We saw a young boy drawing water and Abdul Haq threatened to kill him. The boy cried. Then Abdul Haq laughed and said, “I drove over the edge of this road three years ago, in a jeep. We crashed into the ditch where the boy is whining. The other six people in the car were killed. But I was thrown over a wall and survived because God loves me.”
An hour later we had to cross the Hari Rud. I took off my boots and overtrousers, tied them around my neck, and waded into the cold water. The river—which in a year of normal rainfall would be impassable without a ferry boat—was now barely two feet deep. Without speaking, Abdul Haq stopped on the bank and stooped, and Qasim climbed onto his back. Then Abdul Haq stepped into the stream, roaring like a bullfrog with delight at his strength and the shock of the cold. Having deposited Qasim on the farther shore, he returned and Aziz clambered on. Midway across, Aziz dropped the sleeping bags. Abdul Haq put him down in the water and charged after the bobbing sacks. When he caught them, he spun and danced on the shore like a paper puppet caught in the wind, shouting, “Man Ghaatar Hastam” (I am a mule). On the flats ahead, a camel loped easily across the sharp gravel.
I opened a packet of Iranian orange cream cookies and offered them to Qasim. He took one, sighed heavily, said, “Allah-u-Akbar” (God is Great), and put it in his mouth.
Abdul Haq looked at me and winked. Qasim, the oldest and least open of my three companions, was also it seemed the most religious. Abdul Haq described himself as a Mujahid, a holy warrior, and his leader, Ismail Khan, had fought an Islamic crusade to expel the atheist Russians before implementing Sharia law in Herat. But Abdul Haq was not very religious. In Iran young city types had talked to me about Nietzsche and said they were atheists. I never met an Afghan who called himself an atheist and Abdul Haq had never heard of Nietzsche. But during the time I was with Abdul Haq, he never prayed, never fasted, never paid a religious tithe, and had no intention of going on a pilgrimage to Mecca. Generally I only heard him refer to God when he fired his Kalashnikov. Then he would sing “Allah-u-Akbar” like a full-throated muezzin in the dawn call to prayer.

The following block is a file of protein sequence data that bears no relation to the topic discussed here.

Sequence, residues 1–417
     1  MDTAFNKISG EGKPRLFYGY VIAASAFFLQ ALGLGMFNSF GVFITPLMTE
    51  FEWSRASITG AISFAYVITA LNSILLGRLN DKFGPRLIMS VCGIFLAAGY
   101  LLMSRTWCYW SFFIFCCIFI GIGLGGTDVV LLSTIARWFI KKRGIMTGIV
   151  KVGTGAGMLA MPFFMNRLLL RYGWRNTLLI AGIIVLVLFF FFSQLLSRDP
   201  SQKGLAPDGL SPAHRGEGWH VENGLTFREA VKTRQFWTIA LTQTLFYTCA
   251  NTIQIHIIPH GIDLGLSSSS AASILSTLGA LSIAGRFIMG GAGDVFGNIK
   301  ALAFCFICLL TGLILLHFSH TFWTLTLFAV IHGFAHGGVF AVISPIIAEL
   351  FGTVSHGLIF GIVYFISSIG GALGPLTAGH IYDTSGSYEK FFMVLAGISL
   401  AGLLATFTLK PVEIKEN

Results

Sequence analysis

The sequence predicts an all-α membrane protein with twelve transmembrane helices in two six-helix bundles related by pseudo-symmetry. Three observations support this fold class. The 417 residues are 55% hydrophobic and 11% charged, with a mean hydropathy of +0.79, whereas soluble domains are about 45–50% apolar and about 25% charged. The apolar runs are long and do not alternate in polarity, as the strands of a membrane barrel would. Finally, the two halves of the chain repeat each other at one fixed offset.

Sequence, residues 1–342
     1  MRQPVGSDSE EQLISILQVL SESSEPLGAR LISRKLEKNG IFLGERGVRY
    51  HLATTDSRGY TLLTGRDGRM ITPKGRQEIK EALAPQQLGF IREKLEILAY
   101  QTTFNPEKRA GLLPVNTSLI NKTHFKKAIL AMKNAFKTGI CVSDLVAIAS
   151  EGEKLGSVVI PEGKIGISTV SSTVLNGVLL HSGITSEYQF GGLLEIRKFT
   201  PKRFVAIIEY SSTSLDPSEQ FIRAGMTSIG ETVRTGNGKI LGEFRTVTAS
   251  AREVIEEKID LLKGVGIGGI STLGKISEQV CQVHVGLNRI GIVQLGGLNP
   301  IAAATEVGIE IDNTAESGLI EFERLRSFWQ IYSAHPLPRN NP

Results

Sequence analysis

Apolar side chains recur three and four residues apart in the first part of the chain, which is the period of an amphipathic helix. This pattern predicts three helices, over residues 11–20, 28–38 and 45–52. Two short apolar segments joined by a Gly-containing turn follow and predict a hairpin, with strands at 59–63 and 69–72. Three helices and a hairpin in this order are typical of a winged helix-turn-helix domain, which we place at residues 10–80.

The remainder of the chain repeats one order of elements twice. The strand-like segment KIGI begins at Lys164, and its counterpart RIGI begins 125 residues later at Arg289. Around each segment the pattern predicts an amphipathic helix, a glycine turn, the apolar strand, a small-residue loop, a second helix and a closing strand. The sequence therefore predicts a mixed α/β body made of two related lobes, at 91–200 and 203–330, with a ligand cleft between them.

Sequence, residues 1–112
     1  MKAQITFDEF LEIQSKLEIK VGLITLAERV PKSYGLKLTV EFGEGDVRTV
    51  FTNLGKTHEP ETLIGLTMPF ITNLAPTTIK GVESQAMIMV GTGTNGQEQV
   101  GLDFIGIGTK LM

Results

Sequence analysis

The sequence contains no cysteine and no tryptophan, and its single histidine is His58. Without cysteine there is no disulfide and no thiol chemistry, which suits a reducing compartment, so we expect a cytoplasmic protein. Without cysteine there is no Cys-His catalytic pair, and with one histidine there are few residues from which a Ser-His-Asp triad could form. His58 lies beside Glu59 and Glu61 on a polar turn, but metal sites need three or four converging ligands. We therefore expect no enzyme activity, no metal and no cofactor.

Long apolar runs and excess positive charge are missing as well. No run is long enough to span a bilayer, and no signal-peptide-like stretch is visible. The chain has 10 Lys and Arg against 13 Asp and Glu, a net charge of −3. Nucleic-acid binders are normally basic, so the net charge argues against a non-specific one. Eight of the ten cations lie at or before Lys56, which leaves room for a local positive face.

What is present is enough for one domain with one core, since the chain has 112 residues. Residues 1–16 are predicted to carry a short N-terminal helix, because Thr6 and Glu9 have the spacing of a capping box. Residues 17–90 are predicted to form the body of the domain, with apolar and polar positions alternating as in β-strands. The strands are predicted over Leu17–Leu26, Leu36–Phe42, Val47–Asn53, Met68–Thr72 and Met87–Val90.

Abdul Haq took the packet of cookies from my hands, tipped it out onto a cloth to encourage us to eat more, and threw the wrapper over his shoulder. It was the only piece of trash on the desert plain and the silver foil glittered fiercely among the gentler colors of the soil.
Daily Archives: 4 January 2007
Our host picked up the teapot.
“No, no,” said Abdul Haq. “I will pour it.”
“I insist—you are my guest.”
Abdul Haq grabbed the handle; Haji Mumtaz took it back. This was a ritual I had gone through almost every night as I walked across Iran. This village had been part of an empire centered in Persia for most of the previous two thousand years. In both Iran and Afghanistan, the order in which men enter, sit, greet, drink, wash, and eat defines their status, their manners, and their view of their companions. If a warlord had been with us, he would have been expected, as the most senior man, to enter first, sit in the place farthest from the door, have his hands washed by others, and be served, eat, and drink first. People would have stood to greet him and he would not normally have stood to greet others. But we were not warlords and it was best for us to refuse honors—not least because no one else’s status was clear. Status depended not only on age, ancestry, wealth, and profession, but also on whether a man was a guest, whether a third person was present, and whether the guest knew the others well.